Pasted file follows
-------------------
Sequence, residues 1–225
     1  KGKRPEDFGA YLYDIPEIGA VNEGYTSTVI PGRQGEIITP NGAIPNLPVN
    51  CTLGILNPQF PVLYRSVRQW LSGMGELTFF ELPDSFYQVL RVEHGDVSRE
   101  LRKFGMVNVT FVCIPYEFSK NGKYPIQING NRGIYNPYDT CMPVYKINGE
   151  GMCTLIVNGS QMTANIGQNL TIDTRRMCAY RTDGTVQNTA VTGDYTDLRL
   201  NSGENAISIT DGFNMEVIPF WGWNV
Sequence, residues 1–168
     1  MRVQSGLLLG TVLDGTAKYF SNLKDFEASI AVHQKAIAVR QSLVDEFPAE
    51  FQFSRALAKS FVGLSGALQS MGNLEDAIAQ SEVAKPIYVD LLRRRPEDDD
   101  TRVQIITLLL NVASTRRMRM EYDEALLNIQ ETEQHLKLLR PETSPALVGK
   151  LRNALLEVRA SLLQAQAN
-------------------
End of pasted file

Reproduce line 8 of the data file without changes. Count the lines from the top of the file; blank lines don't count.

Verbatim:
     1  MRVQSGLLLG TVLDGTAKYF SNLKDFEASI AVHQKAIAVR QSLVDEFPAE